Pick a spot where you can write for a while without being disturbed. this could be a private spot where you are alone, or a public spot such as a coffee house or a park.
Begin by focusing on your immediate environment. Note the sights, sounds, smells all around you and start writing them down. As you do, let yourself get lost in your surroundings. You may want to to use apostrophe, or to shift perspectives.
After four or five minutes, turn your attention gradually inward to your experience of the scene—what it reminds you of or how it makes you feel, for instance. Don't try to control or direct this process, just tap into your internal language. And keep writing.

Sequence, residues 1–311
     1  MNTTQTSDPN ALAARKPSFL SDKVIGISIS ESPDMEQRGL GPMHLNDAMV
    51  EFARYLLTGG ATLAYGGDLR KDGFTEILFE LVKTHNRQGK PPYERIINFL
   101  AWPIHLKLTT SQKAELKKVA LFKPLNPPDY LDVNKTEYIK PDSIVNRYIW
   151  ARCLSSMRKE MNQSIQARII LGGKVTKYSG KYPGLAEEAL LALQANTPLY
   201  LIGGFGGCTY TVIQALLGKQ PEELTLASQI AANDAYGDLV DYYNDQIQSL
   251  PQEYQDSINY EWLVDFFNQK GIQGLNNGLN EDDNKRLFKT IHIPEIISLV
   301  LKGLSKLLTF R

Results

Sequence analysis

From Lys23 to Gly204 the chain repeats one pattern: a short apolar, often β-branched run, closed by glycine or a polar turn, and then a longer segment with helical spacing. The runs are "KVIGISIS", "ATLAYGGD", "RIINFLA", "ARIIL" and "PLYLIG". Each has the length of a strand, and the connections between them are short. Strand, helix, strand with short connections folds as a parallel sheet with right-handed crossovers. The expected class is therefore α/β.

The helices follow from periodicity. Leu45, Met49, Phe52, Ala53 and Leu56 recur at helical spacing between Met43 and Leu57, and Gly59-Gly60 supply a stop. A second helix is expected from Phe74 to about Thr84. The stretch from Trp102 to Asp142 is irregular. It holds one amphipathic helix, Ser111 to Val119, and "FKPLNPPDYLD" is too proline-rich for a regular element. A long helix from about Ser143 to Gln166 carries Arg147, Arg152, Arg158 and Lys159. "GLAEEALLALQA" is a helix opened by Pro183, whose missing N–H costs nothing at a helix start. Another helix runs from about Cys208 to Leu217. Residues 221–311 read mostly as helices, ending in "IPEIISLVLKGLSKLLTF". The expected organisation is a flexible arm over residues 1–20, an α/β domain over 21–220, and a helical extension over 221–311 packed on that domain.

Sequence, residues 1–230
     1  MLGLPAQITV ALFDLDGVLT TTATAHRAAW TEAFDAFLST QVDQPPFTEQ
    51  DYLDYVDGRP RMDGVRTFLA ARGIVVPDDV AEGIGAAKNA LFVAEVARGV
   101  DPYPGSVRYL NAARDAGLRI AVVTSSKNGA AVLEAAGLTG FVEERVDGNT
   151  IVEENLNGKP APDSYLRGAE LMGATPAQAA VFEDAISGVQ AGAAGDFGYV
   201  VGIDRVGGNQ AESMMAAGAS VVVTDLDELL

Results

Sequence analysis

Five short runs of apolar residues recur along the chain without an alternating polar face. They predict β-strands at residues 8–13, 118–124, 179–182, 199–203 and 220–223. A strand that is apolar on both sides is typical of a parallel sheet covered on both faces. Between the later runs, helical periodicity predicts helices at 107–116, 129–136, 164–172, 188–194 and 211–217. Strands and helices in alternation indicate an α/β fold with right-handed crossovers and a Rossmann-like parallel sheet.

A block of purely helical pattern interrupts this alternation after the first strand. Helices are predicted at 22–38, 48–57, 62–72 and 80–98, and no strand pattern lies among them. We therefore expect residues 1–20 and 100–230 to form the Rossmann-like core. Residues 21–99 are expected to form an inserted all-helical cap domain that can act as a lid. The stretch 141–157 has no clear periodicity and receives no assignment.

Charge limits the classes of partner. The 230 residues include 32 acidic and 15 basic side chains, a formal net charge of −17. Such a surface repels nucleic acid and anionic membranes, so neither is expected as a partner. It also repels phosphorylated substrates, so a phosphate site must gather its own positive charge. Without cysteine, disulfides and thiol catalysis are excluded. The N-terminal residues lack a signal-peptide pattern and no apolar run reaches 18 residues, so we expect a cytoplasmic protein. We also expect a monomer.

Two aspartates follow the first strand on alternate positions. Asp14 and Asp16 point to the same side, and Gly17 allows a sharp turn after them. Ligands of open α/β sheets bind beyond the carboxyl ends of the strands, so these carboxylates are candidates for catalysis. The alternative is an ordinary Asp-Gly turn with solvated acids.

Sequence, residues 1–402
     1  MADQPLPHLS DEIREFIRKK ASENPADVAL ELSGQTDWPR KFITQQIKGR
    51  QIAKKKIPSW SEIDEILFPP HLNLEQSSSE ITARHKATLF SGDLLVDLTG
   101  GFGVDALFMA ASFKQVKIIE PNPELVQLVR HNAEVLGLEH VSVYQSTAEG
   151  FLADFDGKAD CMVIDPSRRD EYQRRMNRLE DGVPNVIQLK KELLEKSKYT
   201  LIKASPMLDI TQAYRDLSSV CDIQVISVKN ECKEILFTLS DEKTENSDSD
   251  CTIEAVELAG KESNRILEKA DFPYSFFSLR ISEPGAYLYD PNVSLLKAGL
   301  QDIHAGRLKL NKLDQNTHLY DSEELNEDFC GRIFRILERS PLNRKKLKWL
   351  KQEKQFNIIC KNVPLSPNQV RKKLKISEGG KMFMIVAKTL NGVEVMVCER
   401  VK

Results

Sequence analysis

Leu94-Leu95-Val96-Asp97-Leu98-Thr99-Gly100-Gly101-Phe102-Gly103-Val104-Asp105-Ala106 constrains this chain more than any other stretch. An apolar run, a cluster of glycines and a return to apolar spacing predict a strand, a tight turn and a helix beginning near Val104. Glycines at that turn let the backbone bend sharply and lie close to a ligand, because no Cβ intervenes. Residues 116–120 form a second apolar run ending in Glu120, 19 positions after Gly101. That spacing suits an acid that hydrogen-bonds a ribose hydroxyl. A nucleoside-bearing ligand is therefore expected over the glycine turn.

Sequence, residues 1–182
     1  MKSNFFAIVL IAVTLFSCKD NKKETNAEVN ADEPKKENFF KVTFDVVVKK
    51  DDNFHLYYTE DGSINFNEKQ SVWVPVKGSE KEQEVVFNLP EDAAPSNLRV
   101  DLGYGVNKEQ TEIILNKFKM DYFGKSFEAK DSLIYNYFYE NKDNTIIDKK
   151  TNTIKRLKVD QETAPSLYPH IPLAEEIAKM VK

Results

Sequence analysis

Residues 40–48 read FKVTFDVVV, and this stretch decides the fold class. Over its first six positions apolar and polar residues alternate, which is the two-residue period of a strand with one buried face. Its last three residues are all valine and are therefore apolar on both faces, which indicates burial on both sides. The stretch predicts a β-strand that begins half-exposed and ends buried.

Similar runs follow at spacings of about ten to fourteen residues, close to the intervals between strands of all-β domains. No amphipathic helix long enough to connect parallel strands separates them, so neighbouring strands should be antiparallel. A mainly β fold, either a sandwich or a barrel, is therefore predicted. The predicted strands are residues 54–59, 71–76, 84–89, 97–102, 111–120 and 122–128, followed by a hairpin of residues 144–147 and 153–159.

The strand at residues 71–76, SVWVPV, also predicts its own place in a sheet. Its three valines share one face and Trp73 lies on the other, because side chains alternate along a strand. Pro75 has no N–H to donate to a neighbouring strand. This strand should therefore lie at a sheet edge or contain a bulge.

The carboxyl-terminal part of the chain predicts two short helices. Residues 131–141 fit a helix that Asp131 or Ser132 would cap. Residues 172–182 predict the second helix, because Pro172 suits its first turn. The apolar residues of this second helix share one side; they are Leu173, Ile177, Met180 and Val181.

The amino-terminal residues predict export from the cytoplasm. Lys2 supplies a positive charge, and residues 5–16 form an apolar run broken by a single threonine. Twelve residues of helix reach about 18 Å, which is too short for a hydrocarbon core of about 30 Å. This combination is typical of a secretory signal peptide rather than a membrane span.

Now let go of the place entirely. Keep writing. Loosen your grip on the pen. Let your body relax, your eyelids get heavy. Write whatever comes.
As your energy wanes and you start to tire of writing, focus back onto the present setting. Take note again of the sights and sounds around you. Write them down briefly, even if they are the same ones your wrote down earlier, then stop.
When you've finished, put this away for at least a day, without rereading it, then take it out and revise it into a poem of between 15 and 25 lines. Theodore Roethke's "The Far Field" is an outstanding example of meditative poetry.